Request for variant subtag "boont"

John Cowan cowan at
Tue Aug 29 20:48:44 CEST 2006

1. Name of requester:  John Cowan
2. E-mail address of requester:  cowan at
3. Record Requested:

   Type: variant
   Subtag: boont
   Description: Boontling
   Prefix: en
   Suppress-Script: Latn
   Comments: Jargon embedded in American English

4. Intended meaning of the subtag: The Boontling dialect of American English
5. Reference to published description
   of the language (book or article):

Adams, Charles C.  _Boontling: An American Lingo, with a Dictionary of
Boontling.  University of Texas Press, 1971
6. Any other relevant information:

Boontling is the name given by its speakers to a deliberately contrived
jargon which was spoken extensively between 1880 and 1920 in the upper
Anderson Valley of Mendocino County, California. This name, an abbreviated,
self-explaining compound, is itself a typical word in the jargon. "Boont"
is the local term for Boonville, the largest town in the valley and
traditionally the service center of the upper portion of the area; "ling"
is abbreviated from "lingo". Boontling, then, is the lingo of Boonville.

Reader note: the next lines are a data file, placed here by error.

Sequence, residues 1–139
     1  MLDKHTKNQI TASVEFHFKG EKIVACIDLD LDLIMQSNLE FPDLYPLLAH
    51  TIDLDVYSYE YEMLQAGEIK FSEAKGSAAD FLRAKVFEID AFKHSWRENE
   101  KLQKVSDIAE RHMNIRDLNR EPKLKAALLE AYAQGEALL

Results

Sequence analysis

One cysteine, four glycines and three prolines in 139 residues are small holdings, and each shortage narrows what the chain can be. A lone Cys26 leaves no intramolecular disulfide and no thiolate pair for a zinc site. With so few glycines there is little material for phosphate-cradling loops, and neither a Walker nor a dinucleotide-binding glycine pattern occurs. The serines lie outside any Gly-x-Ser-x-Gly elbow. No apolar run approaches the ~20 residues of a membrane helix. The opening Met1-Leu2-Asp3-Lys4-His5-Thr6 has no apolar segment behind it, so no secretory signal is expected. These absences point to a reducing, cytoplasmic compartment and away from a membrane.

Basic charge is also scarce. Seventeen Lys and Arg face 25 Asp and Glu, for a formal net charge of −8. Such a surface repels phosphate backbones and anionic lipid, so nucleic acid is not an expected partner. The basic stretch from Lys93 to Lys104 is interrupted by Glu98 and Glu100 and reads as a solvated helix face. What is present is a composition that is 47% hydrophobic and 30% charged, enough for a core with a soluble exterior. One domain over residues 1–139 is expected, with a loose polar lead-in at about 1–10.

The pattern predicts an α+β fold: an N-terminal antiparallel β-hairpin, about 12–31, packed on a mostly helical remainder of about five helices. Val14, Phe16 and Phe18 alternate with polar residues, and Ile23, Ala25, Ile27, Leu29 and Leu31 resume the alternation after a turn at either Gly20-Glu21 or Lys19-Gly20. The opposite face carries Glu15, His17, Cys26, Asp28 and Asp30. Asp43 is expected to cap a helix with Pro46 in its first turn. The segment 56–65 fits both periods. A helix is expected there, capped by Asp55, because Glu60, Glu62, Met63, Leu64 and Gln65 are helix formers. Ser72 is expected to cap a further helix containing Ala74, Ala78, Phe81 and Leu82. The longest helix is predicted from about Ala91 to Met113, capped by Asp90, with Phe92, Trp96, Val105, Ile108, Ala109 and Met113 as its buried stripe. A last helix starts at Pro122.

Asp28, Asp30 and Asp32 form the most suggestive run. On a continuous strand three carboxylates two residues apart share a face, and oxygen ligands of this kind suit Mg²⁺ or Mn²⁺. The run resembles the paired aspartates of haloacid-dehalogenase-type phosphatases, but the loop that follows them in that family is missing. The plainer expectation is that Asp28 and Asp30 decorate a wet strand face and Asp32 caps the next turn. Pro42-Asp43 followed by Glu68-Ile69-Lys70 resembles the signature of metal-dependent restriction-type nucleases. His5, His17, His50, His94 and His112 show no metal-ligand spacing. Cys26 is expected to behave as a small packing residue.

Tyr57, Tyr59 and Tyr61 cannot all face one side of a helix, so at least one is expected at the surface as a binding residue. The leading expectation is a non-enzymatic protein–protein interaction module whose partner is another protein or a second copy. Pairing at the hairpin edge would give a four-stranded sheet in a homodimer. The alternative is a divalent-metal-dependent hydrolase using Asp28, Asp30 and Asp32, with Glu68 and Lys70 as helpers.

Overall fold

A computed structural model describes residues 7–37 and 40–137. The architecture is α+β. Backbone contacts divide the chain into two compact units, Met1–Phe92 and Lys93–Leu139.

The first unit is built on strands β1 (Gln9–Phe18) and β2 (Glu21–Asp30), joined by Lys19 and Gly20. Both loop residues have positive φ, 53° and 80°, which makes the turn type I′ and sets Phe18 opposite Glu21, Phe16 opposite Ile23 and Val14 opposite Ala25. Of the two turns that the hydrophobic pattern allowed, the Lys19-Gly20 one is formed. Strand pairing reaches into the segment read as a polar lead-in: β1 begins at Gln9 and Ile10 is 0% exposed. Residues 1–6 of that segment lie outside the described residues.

At the zenith of its development, Boontling contained a basic vocabulary of
more than 1000 words and phrases, and nearly 3000 specialized names for
inhabitants of the area and for local geographical features.  It was spoken
and/or understood by most of the approximately 500 people in the rural
community. Three differing accounts of its origins are given by informants;
all three agree that it originated as a secret language, but then spread,
perhaps via public school, to the general populace. A conscious effort was
made to coin additional words.

Boontling is still studied today, both as an unusual linguistic phenomenon,
and by local valley residents who wish to know more of their heritage.

Registration of this variant will cause the existing grandfathered
tag "en-boont" to be changed to a redundant tag.

Not to perambulate                 John Cowan <cowan at>
    the corridors        
during the hours of repose
    in the boots of ascension.       --Sign in Austrian ski-resort hotel

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